Penn State + World Campus + Lessons learned

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In FY 2010-2011, World Campus, Penn State’s online learning arm of the university, student satisfaction survey with their undergraduate advisers, career counselors, and technical support specialists averaged more than 95 percent. That’s impressive.

What is more impressive and important is what Penn State learned from the years of experience in delivering online education. Although the paper was written only two years ago, the lessons are still relevant. The lessons are not out of the ordinary, they are not anything unusual, atypical, abnormal… you get the picture. They are sound lessons that are worth considering for higher education institutions of today and probably of tomorrow.

Here’s their lessons learned, taken directly from a paper written by Wayne Smuz, Executive Director of Penn State World Campus and Associate Vice President for Academic Outreach:

  1. Use technology where and how students expect it, where it adds value, where it can offer students options and where it can extend students services to be available almost 24/7.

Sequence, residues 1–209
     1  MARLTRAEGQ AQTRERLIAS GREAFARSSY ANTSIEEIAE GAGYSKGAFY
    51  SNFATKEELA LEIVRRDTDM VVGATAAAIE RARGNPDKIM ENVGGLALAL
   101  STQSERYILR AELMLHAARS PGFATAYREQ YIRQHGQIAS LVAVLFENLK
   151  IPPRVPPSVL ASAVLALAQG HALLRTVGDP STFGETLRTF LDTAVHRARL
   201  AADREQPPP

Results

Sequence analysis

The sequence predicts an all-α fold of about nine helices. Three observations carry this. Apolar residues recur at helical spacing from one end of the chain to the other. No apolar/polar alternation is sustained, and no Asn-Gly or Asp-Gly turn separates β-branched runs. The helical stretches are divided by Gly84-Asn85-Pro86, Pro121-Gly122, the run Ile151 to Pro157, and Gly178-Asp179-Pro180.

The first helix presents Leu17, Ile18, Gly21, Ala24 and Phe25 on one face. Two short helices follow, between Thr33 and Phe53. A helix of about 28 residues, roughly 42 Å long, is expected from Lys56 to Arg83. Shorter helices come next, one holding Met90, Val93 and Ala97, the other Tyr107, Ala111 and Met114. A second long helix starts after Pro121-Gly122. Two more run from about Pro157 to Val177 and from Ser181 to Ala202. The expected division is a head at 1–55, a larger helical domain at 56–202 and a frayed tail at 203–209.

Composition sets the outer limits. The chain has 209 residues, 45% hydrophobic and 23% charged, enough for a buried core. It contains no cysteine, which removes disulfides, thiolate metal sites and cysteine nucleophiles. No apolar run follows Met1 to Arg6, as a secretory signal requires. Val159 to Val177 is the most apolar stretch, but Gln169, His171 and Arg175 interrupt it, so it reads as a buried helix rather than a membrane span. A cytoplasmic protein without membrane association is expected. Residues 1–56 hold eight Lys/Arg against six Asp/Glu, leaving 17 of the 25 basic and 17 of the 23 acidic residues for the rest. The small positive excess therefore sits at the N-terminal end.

2. Use thoughtful metrics and data to determine which technology is working- and which isn’t. Don’t assume it will work as intended for students. Be prepared to stop using what doesn’t work.
  3. The personal touch is still important.
  4. Experiment regularly with new approaches and technologies.
  5. Colleges and universities can no longer do everything themselves. Consider working with businesses that specialize in certain kinds of services e.g.software development
  6. Student success doesn’t end with the degree, career services should be offered throughout the educational experience and beyond
  7. Online learners have varying familiarity with technology. Excellent and timely tech support and resources is critical
  8. Invest in learning design and faculty development. The quality of the engaged learning experience is dependent upon the commitment of faculty and learning designers to explore innovative ways of teaching and learning
  9. Be prepared to recognize that whatever decisions are made, they will need to be revised-probably sooner rather than later!

Read the whole paper by Wayne Smutz, Executive Director of Penn State World Campus and Associate Vice President for Academic Outreach.


Image Source: ‘PSU’s Blue Band’ by djLicious Flickr CC BY 2.0

 

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